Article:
How much to tell the media? (AFL football example)

There was an interesting comparison of media management at the recent Hawks v Western Bulldogs match at the MCG.

The Bulldogs President (Smorgan) and the Hawks President (Kennett) were sitting opposite each other on the head table at the President’s lunch.



When I started consulting for the Hawks as their Communication Advisor in 2007, one of the things we talked about was the pressure placed on the team, when the leaders of the club make definitive statements in media interviews about where the club will finish at the end of the year.


Saying “We’ll make the finals or else” to a journalist is like a red flag to a bull. They’ll bring it up in future interviews and may compare every week’s performance with this past statement, which puts you on the defensive and reduces your ability to get other messages out.

It can lock you in a time warp; “You said at the start of the year you will finish 1st or 2nd, it’s half-way through the season and you’re 5th. Has the plan failed?”


Managing the media

The single most valuable thing to understand about the media is; they need a story. The journalist is measured by the strength of the stories s/he writes.

When speaking to the media, you need to be clear on the stories you want to focus on and the level of detail you will go into. If you’re unclear about these 2 things, the media tend to be in control.

Now, here’s the interesting comparison between the Western Bulldogs and the Hawks in 2011.


Ultimatum shared with the media world?

At the start of the season, Bulldog’s President David Smorgan was asked to identify the pass mark for 2011 on Channel 9’s Footy Show, he said:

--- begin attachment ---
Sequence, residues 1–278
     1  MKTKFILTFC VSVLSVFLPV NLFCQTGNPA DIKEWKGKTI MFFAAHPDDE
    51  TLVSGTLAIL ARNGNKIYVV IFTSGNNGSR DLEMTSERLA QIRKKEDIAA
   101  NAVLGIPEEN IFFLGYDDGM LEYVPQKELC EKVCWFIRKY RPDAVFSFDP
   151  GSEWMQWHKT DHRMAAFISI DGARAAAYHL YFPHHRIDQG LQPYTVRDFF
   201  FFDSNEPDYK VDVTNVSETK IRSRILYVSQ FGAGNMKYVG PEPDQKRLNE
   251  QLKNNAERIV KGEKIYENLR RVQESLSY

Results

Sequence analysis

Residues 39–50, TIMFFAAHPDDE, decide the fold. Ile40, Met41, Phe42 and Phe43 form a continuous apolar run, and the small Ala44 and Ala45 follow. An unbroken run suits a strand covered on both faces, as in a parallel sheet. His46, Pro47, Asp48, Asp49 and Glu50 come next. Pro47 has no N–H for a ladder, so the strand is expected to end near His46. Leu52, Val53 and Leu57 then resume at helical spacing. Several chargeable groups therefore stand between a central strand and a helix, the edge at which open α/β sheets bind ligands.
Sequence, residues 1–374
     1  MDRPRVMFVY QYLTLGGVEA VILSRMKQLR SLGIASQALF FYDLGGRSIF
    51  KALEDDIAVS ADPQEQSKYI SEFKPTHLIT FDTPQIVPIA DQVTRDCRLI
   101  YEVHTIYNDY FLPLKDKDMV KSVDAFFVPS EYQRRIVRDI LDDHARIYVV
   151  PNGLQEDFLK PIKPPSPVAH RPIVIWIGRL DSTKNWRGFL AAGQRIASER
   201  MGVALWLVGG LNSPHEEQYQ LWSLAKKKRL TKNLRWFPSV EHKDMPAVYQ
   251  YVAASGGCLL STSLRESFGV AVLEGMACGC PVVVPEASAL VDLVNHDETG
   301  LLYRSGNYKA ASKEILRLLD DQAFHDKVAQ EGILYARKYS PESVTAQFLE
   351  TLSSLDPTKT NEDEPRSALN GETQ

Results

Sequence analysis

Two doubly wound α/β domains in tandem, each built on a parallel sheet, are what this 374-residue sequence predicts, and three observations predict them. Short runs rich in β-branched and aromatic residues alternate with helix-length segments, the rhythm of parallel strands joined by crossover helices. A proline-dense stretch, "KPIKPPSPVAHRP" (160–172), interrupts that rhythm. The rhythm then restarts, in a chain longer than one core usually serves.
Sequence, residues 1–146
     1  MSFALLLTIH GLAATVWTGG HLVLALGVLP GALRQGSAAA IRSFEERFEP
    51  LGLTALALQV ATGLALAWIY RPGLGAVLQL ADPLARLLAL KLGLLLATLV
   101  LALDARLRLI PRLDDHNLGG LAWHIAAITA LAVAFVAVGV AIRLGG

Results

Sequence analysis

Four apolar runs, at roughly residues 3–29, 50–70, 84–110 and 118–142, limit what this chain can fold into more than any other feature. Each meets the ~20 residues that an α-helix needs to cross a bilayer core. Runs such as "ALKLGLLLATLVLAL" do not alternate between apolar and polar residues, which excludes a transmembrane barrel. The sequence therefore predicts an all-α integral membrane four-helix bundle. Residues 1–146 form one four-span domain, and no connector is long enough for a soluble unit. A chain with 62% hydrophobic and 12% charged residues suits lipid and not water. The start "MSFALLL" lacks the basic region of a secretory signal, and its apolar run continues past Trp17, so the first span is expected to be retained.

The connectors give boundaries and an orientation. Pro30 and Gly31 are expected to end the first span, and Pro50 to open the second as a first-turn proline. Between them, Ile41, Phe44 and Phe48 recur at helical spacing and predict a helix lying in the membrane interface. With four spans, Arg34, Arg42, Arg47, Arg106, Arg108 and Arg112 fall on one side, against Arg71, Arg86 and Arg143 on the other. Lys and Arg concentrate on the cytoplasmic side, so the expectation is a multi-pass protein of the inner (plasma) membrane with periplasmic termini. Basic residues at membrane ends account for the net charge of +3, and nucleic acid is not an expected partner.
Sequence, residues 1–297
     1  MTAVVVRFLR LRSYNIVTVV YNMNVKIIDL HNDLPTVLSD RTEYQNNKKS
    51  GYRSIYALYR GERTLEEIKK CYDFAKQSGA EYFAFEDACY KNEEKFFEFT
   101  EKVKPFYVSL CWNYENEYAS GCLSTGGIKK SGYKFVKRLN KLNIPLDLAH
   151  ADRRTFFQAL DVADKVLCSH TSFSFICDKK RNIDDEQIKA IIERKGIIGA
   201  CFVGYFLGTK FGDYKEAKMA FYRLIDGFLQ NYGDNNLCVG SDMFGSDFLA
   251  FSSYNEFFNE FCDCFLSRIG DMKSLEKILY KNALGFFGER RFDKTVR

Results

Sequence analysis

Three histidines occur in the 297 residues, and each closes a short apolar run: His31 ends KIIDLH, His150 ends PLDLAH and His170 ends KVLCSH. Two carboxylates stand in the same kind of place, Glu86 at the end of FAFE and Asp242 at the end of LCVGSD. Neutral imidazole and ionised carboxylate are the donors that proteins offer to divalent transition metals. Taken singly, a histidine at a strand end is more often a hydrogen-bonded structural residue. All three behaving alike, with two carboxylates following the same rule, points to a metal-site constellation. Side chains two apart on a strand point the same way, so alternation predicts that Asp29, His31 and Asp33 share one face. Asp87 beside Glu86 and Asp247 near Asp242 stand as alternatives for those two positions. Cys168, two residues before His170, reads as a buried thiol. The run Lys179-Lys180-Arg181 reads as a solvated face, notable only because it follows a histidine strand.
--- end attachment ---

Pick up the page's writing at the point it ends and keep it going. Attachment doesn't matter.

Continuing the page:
“We have to play in a grand final and obviously we’d love to win a grand final. We have no excuses.”

Even though Smorgan denied it was an ultimatum, the ‘pass mark’ story hounded the ‘Dogs for the rest of the season. Some say it put unwarranted pressure on the coach and the players. In the words of sports writer Andrew Leonard;

“Eade had his metaphoric guillotine marked pre-season in a Footy Show interview with club President David Smorgon, where he uttered the famous words of “pass mark in 2011” would be a grand final appearance.”

‘We’ll look at it at the end of the season’

Jeff Kennett was criticized for not renewing Alastair Clarkson as coach when he came out of contract. The Hawks response was always;

“The board has said it will look at this at the end of the season.”

At the recent AFL President’s lunch, Jeff revealed that Hawthorn had set Coach Alastair Clarkson a KPI of finishing in the top four, and implied that this must be met if he was to be offered another contract.

He did NOT announce this to the media. (Clarkson was reappointed 2 weeks ago for a further three years).

While it could be argued that the decision to wait until the end of the season cost Hawthorn more to keep Clarkson, the media message put far less public pressure on Clarkson and his team.


If you’d like to master media communication, consider:

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